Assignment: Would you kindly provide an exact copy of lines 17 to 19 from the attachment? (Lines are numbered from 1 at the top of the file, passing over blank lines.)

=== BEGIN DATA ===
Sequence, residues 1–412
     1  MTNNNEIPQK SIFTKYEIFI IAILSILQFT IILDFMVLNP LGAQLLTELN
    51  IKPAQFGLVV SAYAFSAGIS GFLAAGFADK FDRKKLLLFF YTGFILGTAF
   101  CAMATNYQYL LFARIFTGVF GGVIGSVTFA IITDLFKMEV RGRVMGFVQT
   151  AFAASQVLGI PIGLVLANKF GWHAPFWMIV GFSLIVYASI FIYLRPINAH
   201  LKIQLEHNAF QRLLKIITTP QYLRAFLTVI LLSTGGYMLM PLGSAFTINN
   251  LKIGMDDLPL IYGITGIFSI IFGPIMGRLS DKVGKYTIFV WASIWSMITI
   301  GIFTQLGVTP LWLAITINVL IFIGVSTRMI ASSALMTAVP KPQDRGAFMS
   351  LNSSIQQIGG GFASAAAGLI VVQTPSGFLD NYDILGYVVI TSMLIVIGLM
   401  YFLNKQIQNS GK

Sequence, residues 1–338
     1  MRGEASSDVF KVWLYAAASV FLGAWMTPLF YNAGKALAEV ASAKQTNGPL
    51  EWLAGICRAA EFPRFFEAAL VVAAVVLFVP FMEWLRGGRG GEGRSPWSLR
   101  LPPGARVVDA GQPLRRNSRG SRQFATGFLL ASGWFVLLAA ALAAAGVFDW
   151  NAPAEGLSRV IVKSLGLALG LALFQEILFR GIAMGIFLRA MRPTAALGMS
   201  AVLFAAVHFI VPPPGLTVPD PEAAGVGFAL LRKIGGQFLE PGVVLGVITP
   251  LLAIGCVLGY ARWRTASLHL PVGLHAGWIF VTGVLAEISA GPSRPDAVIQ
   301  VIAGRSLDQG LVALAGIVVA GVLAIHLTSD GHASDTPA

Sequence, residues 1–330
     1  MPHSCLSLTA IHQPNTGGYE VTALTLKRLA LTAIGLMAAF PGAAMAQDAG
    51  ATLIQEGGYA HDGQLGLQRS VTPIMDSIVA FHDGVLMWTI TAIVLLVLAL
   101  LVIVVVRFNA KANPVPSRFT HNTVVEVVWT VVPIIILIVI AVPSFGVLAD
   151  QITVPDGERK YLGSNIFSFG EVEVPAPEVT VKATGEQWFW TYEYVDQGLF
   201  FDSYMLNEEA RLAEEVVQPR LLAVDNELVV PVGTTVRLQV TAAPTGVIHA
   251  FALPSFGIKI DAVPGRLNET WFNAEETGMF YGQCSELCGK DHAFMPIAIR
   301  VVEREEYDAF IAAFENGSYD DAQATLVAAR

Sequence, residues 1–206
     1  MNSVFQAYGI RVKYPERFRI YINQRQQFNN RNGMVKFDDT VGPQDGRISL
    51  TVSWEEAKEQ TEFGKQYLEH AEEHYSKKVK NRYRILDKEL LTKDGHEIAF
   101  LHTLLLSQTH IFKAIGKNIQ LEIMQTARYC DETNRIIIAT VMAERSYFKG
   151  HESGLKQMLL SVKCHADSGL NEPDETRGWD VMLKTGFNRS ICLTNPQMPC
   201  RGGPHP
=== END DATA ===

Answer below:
   251  LLAIGCVLGY ARWRTASLHL PVGLHAGWIF VTGVLAEISA GPSRPDAVIQ
   301  VIAGRSLDQG LVALAGIVVA GVLAIHLTSD GHASDTPA

Sequence, residues 1–330